If you’ve read the articles about our environments and general processes, we have a fairly robust set of environments that we manage. We break things up into sub-systems (Biz Apps, PACS and RIS). During development, we deploy our full suite – all three sub-systems – to each stack; during releases, we deploy our three sub-systems on three separate days spread across a week and a half. We also test like that – a Biz Apps test environment will have Biz Apps updated, but the other sub-systems might not be if we aren’t deploying them before Biz Apps. Biz Apps might be at version v12.1 while RIS and PACS are at version v12.0 for instance.

For each sub-system, we deploy everything for a release (we do perform limited patches that are excluded from this rule).  The reasons for this are similar to why we value building everything, every time.

It’s just simpler.

We don’t deal with a matrix of versions and we know everything is tested each time and that it works. And on the off-chance our engineers get called at 2 a.m. on Wednesday after a company party and need to investigate something, they aren’t stuck tracking down what version of software each component is and looking up that version of the code.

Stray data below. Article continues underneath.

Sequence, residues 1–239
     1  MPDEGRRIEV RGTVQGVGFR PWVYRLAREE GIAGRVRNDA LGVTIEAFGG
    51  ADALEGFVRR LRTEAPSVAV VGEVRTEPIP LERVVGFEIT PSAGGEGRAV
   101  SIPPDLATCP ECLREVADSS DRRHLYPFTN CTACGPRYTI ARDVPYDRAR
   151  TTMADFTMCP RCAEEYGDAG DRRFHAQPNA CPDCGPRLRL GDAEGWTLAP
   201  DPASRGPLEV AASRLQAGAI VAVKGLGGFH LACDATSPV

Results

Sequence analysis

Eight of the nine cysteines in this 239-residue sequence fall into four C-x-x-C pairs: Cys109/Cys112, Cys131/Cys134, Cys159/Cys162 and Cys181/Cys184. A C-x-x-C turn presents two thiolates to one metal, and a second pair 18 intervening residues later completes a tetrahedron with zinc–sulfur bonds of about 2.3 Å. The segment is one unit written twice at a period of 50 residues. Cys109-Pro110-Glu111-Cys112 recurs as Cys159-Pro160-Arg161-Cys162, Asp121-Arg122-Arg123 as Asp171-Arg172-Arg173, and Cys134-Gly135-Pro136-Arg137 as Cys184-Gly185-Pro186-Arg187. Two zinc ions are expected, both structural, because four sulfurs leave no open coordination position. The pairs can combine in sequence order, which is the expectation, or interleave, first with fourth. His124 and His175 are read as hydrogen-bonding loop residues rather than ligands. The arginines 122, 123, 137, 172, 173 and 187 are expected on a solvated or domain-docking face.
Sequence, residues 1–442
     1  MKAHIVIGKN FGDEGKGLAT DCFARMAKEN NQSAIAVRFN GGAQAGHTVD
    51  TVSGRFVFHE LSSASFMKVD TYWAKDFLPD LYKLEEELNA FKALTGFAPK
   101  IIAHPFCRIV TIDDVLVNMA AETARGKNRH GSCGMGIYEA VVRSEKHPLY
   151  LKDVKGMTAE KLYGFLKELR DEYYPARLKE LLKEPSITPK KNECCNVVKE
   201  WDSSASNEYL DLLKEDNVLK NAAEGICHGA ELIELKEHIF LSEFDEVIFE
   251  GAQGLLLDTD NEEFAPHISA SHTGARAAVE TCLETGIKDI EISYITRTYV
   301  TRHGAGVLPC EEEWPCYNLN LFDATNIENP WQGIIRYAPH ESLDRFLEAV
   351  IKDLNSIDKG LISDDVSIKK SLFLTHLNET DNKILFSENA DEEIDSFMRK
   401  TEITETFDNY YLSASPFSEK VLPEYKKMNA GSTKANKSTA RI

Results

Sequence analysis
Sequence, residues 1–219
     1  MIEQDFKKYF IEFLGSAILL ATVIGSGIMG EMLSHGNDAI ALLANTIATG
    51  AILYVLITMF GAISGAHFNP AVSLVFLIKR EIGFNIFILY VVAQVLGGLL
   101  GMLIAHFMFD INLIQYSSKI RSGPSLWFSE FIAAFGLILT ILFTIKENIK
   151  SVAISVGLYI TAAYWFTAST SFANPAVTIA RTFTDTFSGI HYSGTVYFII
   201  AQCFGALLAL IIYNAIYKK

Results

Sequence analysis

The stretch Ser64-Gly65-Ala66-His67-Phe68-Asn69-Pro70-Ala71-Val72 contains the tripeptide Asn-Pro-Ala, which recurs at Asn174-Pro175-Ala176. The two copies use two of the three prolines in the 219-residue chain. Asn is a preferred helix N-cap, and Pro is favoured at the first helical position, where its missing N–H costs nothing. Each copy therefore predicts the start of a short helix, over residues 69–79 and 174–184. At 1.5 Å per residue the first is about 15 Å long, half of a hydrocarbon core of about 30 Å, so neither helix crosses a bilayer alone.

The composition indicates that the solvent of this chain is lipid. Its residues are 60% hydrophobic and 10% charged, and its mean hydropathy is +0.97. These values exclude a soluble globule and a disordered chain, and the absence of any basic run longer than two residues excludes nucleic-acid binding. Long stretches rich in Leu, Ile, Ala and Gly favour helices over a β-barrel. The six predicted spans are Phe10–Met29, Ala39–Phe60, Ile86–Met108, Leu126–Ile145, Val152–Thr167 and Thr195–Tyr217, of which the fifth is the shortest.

#3 vRad values enabling developers.

Most of our builds happen on a set of servers dedicated to building our software (we do about 6,000 full package builds each year, our development branch alone often sees 12 full package and deployment cycles each day). We go to great lengths to keep engineer PCs doing engineering and not compiling parts of the system they aren’t currently concerned with. That being said, we value the ability for developers to perform full builds if needed (or if they want to just for fun).  Each engineer has the power of the package and deployment system on their laptops. Our engineering culture strongly values enabling our developers – we want them to feel comfortable changing all parts of our platform. This helps us drive innovation and make important large scale changes that keep our platform up-to-date.

 

Build System – Trigger Mechanisms and Build Server

A build system is typically comprised of three components:

  • the server or servers that actually perform the compilation (sometimes called agents)
  • the system that provides triggers to kick-off builds and usually a user interface (UI)
  • the actual underlying scripts that perform the logic – in vRad’s case, BuildGuru.

At vRad, the build server and the trigger system aren’t particularly special. For the server itself, we use a single physical server with 64 cores, 65 GB and some solid-state drives (SSD) on the Peripheral Component Interconnect Express (PCIe) bus.  Basically, a big hunk of hardware.

We use Atlassian Bamboo for a trigger mechanism. Like other such systems, Bamboo allows us to do scheduled triggers (triggers based on watching our code repository for changes) and manual (UI button) triggers.